13. Der großartige britische Kinderzauberer John Kimmons (“Kimmo”) bietet einen wunderbaren Vorhersagetrick namens “The Big Race” mit Kinderbeteiligung an, und eine der Varianten stellt ein Autorennen dar. Nicht ganz verkehrsregelkonform mit Kindern am Steuer, aber ein großes interaktives Spektakel, das z.B. immer das Geburtstagskind gewinnt!
  14. Aus den (dank lateralem Denken, s.o.) teilweise zweideutigen Verkehrszeichen lässt sich ja die eine oder andere pikante Geschichte für Erwachsene erzählen (erhältlich unter dem Titel “Die Sache mit dem Verkehr”, glaube ich); mit etwas Fantasie lässt sich auch etwas Lustiges und Kindgerechtes entwickeln, wobei gleichzeitig wichtige Informationen zu einzelnen Verkehrsschildern vermittelt werden.
  15. Alternativ ist es möglich, nach dem Prinzip des “McCombical Decks” eine wunderbare Schilder-Übereinstimmung (mit Aufsitzer) zu inszenieren.
  16. Ebenso könnte auch der bekannte Kartensteiger auf dem Zeichenblock („Cardiographic“ von Martin Lewis) mit Verkehrszeichen vorgeführt werden.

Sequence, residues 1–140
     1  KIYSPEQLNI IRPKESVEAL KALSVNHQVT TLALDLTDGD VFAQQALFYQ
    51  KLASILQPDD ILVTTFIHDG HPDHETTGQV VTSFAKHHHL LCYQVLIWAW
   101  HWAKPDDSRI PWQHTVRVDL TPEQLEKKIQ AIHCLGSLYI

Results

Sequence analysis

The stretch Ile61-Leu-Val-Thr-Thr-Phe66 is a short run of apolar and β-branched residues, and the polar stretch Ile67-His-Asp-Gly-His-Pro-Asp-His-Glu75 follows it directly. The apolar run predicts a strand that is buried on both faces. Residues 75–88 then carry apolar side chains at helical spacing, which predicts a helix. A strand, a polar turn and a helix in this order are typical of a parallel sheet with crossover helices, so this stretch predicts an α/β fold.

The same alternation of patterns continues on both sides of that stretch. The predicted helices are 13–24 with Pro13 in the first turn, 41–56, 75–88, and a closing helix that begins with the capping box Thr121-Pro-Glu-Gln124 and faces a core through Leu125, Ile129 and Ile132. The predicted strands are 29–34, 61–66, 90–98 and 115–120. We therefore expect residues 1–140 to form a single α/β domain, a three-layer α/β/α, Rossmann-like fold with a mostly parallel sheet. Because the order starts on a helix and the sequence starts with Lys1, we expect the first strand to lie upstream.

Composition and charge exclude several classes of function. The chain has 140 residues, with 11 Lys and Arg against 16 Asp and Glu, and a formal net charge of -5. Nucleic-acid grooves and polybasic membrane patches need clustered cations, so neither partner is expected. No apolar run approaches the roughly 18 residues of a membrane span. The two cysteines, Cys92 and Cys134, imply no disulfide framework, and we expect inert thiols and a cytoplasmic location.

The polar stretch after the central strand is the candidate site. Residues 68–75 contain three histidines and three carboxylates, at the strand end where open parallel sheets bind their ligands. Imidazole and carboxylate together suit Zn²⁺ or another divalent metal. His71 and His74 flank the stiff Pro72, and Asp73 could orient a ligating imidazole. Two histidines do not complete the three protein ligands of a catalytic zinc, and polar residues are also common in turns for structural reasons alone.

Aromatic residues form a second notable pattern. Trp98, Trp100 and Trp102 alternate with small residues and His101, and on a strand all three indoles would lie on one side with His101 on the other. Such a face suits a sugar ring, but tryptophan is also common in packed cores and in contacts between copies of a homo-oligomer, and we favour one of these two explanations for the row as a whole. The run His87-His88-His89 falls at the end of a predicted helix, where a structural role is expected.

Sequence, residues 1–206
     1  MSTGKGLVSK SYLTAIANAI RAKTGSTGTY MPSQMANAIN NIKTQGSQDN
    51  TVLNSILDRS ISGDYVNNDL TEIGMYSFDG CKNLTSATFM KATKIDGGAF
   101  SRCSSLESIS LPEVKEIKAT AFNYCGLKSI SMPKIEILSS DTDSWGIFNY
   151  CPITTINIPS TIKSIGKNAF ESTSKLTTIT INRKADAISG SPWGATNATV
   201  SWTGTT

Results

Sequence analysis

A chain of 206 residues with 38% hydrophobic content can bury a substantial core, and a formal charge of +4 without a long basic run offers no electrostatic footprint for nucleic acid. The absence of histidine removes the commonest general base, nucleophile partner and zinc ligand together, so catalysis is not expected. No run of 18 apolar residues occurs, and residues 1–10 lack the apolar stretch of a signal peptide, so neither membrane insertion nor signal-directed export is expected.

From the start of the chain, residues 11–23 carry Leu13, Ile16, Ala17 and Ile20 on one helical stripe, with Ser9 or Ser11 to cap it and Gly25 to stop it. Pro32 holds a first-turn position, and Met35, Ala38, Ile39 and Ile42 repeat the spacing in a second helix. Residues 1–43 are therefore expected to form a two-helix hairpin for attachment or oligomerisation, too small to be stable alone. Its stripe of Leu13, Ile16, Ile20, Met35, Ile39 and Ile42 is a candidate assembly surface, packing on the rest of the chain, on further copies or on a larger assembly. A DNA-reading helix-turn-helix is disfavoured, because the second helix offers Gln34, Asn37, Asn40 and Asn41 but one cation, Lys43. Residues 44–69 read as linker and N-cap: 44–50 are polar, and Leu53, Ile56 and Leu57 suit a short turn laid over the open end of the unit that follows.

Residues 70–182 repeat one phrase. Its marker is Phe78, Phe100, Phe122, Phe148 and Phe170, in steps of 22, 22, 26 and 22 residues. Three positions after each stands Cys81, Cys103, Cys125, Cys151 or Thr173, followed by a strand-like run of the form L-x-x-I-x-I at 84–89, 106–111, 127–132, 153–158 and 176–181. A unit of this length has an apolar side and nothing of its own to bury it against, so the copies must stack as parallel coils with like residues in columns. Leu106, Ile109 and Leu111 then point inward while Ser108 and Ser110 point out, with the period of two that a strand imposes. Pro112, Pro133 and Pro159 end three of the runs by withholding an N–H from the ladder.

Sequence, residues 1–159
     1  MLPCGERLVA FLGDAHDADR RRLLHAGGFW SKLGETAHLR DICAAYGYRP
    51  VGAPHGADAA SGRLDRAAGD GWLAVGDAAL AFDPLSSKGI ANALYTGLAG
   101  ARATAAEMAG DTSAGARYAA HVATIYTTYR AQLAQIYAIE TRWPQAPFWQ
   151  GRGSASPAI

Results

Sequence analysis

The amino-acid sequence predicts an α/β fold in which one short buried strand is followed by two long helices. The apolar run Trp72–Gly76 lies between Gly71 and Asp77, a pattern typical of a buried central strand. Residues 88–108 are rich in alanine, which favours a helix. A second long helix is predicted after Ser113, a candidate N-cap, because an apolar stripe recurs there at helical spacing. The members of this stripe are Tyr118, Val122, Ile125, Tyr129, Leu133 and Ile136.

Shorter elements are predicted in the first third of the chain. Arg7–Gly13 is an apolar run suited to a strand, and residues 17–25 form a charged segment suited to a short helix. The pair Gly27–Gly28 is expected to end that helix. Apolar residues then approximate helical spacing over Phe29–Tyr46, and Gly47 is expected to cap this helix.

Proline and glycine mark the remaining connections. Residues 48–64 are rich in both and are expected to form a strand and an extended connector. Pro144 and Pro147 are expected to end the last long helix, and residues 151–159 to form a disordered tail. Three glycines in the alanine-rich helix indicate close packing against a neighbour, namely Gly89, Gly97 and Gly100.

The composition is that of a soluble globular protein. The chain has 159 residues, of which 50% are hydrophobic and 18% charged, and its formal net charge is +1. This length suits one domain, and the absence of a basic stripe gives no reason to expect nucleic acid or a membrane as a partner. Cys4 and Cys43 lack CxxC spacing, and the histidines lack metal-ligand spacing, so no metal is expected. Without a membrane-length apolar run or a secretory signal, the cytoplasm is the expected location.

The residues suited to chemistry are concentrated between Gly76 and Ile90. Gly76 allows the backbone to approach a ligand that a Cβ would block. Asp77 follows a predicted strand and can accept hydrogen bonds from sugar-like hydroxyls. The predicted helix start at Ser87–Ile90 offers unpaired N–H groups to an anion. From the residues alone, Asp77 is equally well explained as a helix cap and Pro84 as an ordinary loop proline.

17. Das Thema „Feuerwehr“ fasziniert viele Kinder. Warum nicht mal die eigene Seilroutine als „Der widerspenstige Feuerwehrschlauch“ vorführen? Ein auf dem Kopf festgeschnalltes Blaulicht sorgt dabei für große Heiterkeit!
  18. Ein abschließender Gedanke: Ein reines “Erziehungsprogramm” zum Thema Straßenverkehr ermüdet nach einer halben Stunde vielleicht sogar die größten Streber unter den Kleinen… Warum daher nicht auch einen Trick einstreuen, der noch morgens zuhause spielt, also vor dem Schulweg, oder dann später in der Schule? (Mein “Pausensnack Mental” bietet sich da beispielsweise an, mehr dazu an anderer Stelle). Außerdem lassen sich so auch noch problemlos weitere Requisiten wie z.B. ein Schulranzen, eine Brotbox oder ein Tafeltrick ins Programm integrieren.

 

Revealed: Magic Tricks Displayed on Playing Cards (4)

Click here for Part 1, here for Part 2 and here for Part 3!

The final take on exciting research revelations from the Schaffel College for Industrial Pasteboard Paraphernalia in Ryffling, Denmark on the magic tricks which artists shown on our familiar court cards have supposedly been performing for up to hundreds of years, yet unnoticed until today!

Further Pasteboard Secrets

Despite the important breakthroughs in magic and playing card history featured in the previous three episodes, some other court card motifs remain the subject of intense scholarly debate for the time being, explains visiting postgraduate fellow, Tang Acapao, who also happens to be a passionate card magic amateur. Here they are: